Additionally, the orcs are rendered with outstanding computer special-effects, boasting an insane amount of detail all over their towering bodies, over-sized war hammers, and various other facial features such as horns. Towards the end of the movie is a very brutal knock em’ down drag out fight between two of the more prominent orc characters; it last for quite a few minutes and is by far the crowning achievement of the experience, both for its violence and storytelling relevance. It also should be mentioned that although Paula Patton is not playing a CGI character, she does do a convincing job portraying a sort of orc slave with human proportions.
The problem for many moviegoers again comes back to the overall narrative, which even if you accept that the plot is geared more towards extreme fanatics of the lore, is still incredibly generic and full of clichés, with nothing really new on display for the fantasy genre. Much of the costume design of the humans is standard medieval stuff, while the orcs, look like orcs. Sure they are rendered outstandingly (and the special effects team does deserve to be commended for that), but at the end of the day they are something I have seen countless times across every other entertainment medium. The story itself is also spread far too thin, leaving little room for actual characterization, meaning that when important characters die it’s hard to really muster up a care in the world to give.
Every once in a while though there will be something visually pleasing, whether it be bright colors from the portal connecting two worlds, chrome white battle-armor for the king of Azeroth, a savage looking demonically possessed all-powerful grand mage, and much more. Essentially, Warcraft is a mixed bag as far as visual appeal goes, but with that said, expectations should be kept in check that this is not a game-changer of any kind. Putting it bluntly, it’s generic high fantasy passably re-created with state-of-the-art CGI, that more often than not makes Warcraft come across as watching a high-end produced cinematic from one of the actual games.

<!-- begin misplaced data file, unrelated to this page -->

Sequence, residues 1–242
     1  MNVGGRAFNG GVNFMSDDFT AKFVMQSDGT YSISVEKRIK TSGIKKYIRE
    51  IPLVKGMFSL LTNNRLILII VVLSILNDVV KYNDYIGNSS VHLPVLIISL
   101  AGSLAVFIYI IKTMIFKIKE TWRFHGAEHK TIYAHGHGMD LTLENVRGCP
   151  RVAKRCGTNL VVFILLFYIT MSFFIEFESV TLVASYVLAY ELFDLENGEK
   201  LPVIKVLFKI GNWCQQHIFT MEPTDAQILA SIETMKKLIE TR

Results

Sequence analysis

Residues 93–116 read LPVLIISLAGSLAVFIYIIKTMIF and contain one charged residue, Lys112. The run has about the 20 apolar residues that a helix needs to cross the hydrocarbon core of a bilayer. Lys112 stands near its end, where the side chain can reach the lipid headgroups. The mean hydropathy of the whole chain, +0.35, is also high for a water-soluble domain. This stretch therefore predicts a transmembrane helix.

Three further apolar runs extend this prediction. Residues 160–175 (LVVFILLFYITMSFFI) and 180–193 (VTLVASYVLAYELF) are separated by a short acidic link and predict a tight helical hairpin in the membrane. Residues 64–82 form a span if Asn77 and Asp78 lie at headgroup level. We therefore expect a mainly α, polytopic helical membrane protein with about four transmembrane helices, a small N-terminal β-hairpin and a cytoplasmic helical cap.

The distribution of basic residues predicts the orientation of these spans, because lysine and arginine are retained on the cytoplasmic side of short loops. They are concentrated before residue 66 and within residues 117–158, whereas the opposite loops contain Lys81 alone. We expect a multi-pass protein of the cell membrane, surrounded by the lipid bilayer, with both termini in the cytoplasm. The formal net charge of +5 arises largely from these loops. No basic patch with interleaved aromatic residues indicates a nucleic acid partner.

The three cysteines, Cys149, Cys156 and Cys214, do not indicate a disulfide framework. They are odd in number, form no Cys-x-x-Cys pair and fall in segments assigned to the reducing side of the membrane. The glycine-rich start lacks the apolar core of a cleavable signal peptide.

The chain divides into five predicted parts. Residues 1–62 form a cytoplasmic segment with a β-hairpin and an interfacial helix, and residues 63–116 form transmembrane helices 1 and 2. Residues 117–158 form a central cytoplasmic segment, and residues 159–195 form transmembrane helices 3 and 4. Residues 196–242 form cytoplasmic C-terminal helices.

The best possible news about Warcraft is that after a little over one hour into the movie, much of the exposition and references to things only aficionados of the lore will be able to take with more than a grain of salt, the movie transforms into something of a nonstop action thrill-ride. The last act in particular features a massive battle that is large in scope and beautifully shot (even if much of the scenery and characters look ugly and colorless), with what essentially feels like two different boss battles going on simultaneously elsewhere. It’s a lot to take in, but by that point, everyone will understand the basics of the plot, able to really just sit back and bask in the chaos.
So much so, that by the end of Warcraft, I was finally won over in a way. The movie isn’t for everyone, but as I’ve been saying, anyone that has sank thousands of hours into the lore to the point where they have literally lost significant others to their addiction, they are going to have a blast with this movie. Duncan Jones is assured with the material and knows what he is doing to deliver crowd-pleasing results to the hard-core fans.
Flickering Myth Rating – Film: ★ ★ ★ / Movie: ★ ★